The Performance Cortex
How Neuroscience Is Redefining Athletic GeniusBook - 2018
"Athletic genius. All the sports journalists in the world can't explain it. Why was Michael Jordan so good? Was it just his joints and muscles? Did he just eat better breakfasts? Zach Schonbrun delivers a groundbreaking new perspective on the science of elite sporting performance. In the course of his work as a sports and business reporter at The New York Times, Zach Schonbrun came upon the research of two young entrepreneurial neuroscientists working on the neural profiles of athletes performing what isfamously considered the hardest task in sport: hitting a baseball. They had developed their own brain measuring aparatus, which provided data suggesting a revolution in how we think about athletic ability. How well your brain controls your body--your motor control--is what matters most. Following this story led to the work of a band of researchers around the world, the "motor hunters," and the most important book on sports since Moneyball. Those first two researchers that Schonbrun met are now under contract to major league baseball teams.Why couldn't Michael Jordan, master athlete that he was, hit a baseball? Why can't modern robotics come close to replicating the dexterity of a five-year-old? Why do good quarterbacks always seem to know where their receivers are? Why are tennis stars math geniuses? And why do all animals have brains in the first place?In this wide-ranging and deeply researched book, Schonbrun investigates the keys to what actually drives human movement and its spectacular potential. New explorations in the brain help explain the extraordinary skills that set apart talented performers like Stephen Curry, Peyton Manning, Roger Federer, Bryce Harper, Jordan Spieth, racing superstar Lewis Hamilton, ballet prodigy Misty Copeland, and international soccer star Neymar; as well as musical virtuosos like world-class string players, keyboardists, and drummers; and even Paralympic gold medalist Rudy Garcia-Tolson.The understanding of the human body in motion--running, swinging, strumming, driving--remains one of the most fascinating scientific pursuits. Sports franchises are now beginning to recognize that it is the brain, not just the mechanics of the body, that powers most of the athletic gifts we strain to see in our cavernous arenas. Graspingthose golden gifts, going from good to great, requires more than understanding the ten-thousand-hour rule. It requires a new way of thinking about expert performers. It's not about the million-dollar arm anymore. It's about the million-dollar brain"-- Provided by publisher.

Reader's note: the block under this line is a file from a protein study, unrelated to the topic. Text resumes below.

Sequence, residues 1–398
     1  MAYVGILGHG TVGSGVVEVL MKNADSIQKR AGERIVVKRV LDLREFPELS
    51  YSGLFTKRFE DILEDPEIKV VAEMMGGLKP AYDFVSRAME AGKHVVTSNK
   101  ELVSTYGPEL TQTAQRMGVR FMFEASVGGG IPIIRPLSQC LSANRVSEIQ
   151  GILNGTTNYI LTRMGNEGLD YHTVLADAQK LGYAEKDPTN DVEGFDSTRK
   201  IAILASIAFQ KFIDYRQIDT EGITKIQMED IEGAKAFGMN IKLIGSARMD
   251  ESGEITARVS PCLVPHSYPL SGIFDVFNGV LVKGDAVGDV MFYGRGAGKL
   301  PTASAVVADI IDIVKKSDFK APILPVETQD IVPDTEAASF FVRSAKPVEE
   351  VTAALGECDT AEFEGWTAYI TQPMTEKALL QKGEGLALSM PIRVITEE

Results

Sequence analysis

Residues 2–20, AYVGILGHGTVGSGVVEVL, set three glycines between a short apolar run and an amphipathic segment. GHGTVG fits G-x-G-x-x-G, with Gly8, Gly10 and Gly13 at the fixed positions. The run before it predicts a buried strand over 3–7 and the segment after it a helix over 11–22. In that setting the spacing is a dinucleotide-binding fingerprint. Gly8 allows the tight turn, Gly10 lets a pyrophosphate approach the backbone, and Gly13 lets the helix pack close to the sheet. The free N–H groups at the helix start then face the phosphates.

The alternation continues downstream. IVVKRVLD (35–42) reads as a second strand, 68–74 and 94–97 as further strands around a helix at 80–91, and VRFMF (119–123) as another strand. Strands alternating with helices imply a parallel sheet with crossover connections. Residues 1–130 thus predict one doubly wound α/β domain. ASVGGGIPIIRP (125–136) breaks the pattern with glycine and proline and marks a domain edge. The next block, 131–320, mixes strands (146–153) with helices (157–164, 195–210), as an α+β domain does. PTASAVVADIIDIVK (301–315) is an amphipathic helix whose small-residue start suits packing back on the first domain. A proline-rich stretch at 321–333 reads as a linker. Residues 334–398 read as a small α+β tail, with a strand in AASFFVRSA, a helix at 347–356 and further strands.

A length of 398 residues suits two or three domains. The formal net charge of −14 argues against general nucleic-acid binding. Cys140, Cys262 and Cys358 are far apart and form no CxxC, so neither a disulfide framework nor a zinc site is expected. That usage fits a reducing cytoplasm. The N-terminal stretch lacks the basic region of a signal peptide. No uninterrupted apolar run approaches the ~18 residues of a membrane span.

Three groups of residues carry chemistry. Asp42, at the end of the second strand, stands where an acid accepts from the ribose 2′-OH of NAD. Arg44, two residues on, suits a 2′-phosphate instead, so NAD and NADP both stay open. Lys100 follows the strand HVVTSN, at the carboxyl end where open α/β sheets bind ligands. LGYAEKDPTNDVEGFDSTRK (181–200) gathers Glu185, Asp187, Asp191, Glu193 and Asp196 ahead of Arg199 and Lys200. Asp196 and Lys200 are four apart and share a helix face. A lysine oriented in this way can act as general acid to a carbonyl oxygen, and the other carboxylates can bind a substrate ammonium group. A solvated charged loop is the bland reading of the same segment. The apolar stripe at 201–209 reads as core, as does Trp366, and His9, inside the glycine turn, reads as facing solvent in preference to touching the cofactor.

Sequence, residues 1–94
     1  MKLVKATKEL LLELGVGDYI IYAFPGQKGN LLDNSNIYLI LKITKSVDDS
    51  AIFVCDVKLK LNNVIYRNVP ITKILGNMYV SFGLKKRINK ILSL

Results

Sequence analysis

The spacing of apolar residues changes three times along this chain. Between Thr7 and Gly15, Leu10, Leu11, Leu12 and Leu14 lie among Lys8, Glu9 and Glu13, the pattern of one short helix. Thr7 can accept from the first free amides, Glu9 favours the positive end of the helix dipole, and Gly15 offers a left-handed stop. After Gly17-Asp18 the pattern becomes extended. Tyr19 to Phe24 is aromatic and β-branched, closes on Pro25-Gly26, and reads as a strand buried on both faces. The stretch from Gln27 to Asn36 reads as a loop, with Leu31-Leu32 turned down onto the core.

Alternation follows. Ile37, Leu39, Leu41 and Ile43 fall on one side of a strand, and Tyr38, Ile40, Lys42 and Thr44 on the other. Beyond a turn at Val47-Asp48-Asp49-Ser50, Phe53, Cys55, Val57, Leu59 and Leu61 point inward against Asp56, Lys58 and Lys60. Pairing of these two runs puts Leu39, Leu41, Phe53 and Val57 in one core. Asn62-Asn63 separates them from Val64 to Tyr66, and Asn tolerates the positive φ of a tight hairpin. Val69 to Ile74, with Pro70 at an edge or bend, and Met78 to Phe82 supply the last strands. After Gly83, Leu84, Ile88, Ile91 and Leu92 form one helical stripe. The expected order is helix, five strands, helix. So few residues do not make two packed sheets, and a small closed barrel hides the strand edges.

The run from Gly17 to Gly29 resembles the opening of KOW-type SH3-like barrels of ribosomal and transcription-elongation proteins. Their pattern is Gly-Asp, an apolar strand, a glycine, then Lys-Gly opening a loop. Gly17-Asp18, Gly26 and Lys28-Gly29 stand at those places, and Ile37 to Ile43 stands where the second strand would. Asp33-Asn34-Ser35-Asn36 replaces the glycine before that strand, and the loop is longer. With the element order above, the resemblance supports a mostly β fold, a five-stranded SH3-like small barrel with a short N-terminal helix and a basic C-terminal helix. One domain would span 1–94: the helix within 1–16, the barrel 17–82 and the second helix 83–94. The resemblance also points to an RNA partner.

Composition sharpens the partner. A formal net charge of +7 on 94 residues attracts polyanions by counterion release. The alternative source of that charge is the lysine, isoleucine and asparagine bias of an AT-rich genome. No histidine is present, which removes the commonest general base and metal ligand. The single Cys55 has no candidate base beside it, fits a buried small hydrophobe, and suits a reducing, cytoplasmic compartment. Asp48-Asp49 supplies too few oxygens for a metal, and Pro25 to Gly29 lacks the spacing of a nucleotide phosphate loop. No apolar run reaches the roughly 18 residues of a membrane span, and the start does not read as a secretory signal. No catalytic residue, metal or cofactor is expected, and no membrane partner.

Publisher: New York, New York : Dutton, 
Characteristics: pages cm